These Brands Are Starting Movements (And Your Brand Can Too)

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These Brands Are Starting Movements (And Your Brand Can Too)

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Four design principles for relevant and resilient #brands: Join forces and start a movement @ItsBBMG @GlobeScan
Friday, February 23, 2018 - 10:00am

CAMPAIGN: Brand Purpose in Divided Times

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Delivering on brand relevance also requires welcoming more and different voices to the table, using our collective wisdom to solve problems together and rallying consumers and employees to take action with us as brands. When net trust in global corporations is less than zero, it is understandable that brands may feel overwhelmed and afraid to go it alone. That is why thoughtful partnerships can empower brands to tackle meaningful issues without feeling like they are straining credibility or speaking out of turn.

A Level Playing Field

As a co-op, REI is uniquely positioned to rally participation and make change from the bottom up. The outdoor gear and apparel brand broke all the rules of retail with the #OptOutside campaign, closing its doors on Black Friday to give employees the day off to get outside with their families and encouraging everyone to enjoy more time outdoors. Working with more than 275 national and local partner organizations, the brand is creating a new tradition where “people think about the Friday after Thanksgiving differently,” says REI Chief Creative Offcer Ben Steele.

Building on this momentum, REI’s 2017 campaign Force of Nature champions women’s outdoor adventures with a storytelling series, women-focused events, a national retreat and a product line all intended “to make outside the largest level playing field on Earth” and close the gap in gear design and opportunities for women who want to engage in outdoor sports. REI is creating a movement brand in the way it lives its values and how it engages employees and consumers alike as a committed tribe of outdoor enthusiasts and brand advocates who are proud to use business as a force for good. 

Climate Justice is Sweet

Ben & Jerry’s social good efforts go well beyond their ethical ingredients and B Corporation commitments. The ice cream company has a long history of fighting for climate justice and innovating ways to reduce the environmental impact of the business. With the growing concern over climate change, but lack of momentum in places like the United States, Ben & Jerry’s is rallying its customers in partnership with the online activism platform Avaaz to raise awareness and demand climate action by engaging our global leaders.

They are doing this through a very simple bit of logic: If it’s melted, it’s ruined. It’s true for ice cream, and it’s true for the planet. Partnerships with climate action organizations 350org, The Climate Reality Project and BICEP have added more depth to the campaign while Ben & Jerry’s lovable brand and extensive reach have helped amplify the cause. They have even taken the message to the freezer aisle where their “Save Our Swirled” ice cream flavor puts the climate action message right on the package. It does not hurt that it is delivered deliciously with raspberries, marshmallows and fudge, too.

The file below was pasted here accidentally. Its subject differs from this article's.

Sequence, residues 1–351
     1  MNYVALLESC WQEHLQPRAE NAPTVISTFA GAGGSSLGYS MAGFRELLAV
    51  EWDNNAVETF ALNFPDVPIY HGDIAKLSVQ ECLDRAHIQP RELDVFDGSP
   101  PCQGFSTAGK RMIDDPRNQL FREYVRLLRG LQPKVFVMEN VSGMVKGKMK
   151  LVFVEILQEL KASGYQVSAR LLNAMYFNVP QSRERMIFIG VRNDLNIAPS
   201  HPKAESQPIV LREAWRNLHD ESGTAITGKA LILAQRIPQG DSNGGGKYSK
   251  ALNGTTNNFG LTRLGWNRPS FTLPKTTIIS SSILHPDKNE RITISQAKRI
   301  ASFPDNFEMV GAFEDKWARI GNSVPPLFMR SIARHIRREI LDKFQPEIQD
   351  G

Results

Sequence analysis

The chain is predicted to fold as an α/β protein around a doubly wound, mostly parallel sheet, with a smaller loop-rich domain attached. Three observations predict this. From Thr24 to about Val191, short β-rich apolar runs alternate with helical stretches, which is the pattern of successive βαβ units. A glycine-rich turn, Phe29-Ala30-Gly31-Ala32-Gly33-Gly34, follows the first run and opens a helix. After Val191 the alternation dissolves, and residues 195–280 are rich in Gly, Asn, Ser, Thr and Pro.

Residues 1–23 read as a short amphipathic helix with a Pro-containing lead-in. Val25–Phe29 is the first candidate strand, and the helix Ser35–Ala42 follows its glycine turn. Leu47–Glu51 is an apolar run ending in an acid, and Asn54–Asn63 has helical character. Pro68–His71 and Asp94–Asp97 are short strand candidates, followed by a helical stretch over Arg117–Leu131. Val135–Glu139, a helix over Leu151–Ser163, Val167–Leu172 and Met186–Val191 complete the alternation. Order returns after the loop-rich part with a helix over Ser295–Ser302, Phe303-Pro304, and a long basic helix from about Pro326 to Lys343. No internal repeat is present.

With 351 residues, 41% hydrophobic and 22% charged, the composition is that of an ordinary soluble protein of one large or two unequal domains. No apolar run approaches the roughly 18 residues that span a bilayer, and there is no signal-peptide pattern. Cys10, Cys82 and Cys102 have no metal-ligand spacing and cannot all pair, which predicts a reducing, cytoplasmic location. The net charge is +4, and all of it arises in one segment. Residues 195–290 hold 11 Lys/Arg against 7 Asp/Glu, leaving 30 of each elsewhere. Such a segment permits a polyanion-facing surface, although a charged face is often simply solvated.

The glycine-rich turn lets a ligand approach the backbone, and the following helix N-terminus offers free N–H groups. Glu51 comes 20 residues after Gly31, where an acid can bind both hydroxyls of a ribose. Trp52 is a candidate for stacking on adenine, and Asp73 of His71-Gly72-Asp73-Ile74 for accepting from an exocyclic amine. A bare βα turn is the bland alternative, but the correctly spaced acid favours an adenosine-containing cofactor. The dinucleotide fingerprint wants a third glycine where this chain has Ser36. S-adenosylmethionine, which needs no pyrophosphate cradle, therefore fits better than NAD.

Safe Sex is Sexy

For Meika Hollender, the co-founder of Sustain Natural, a brand of natural condoms and sexual wellness products, brand leadership means raising her voice to redefine the role of business in society and inspire movements that shift consumer behavior and inspire action. At a time when only 21% of single women use condoms, Hollender is launching a new engagement platform called Get On Top to inspire women everywhere to practice safe sex. Celebrating a world where “safe sex is smart, safe sex is you in charge of you, safe sex is fun and safe sex is sexy,” the campaign features the voices of women like Refinery 29 co-founder Piera Gelardi, model and activist Yomi Abiola, and THINX founder Miki Agrawal giving the cause an inviting, and decidedly hip, tone.

Hollender has also extended the movement to a book called Get on Top: Of Your Pleasure, Sexuality & Wellness: A Vagina Revolution, a “pro-pleasure, safety-first and sex-positive” guide for the “Girlboss generation.” With a serious cause, a relatable, positive tone and a culturally relevant engagement strategy, the brand is breaking cultural taboos, redefining behavioral norms and empowering a future that is safe and sexy.

Life Saving Behavior

Mainstream brands are also working to leverage their reach and influence to affect behavior change. AT&T recognized the tremendous danger of texting while driving and the brand’s role in this growing safety threat. To raise awareness of its dangers and help abate the behavior, AT&T launched the It Can Wait campaign inviting citizens to pledge to never drive distracted. The brand commissioned research to underscore the seriousness of the issue and promoted their #ItCanWait hashtag to encourage social media advocacy for the cause. The It Can Wait movement has grown into a meaningful rallying cry for people who are concerned about safety on the roads.

Starting a movement can be especially powerful when brands join forces and invite participation by their peers and competitors in the interest of making positive change for society. With alliances like the Sustainable Apparel Coalition, The Climate Collaborative, and the Sustainable Packaging Coalition, brands are joining forces to tackle society’s toughest challenges and leverage collaboration to increase the pace of change and deliver private sector progress.

For more design principles, global consumer insights and inspiring brand examples, click here to download BBMG and GlobeScan's full report, Brand Purpose in Divided Times

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CAMPAIGN: Brand Purpose in Divided Times

CONTENT: Article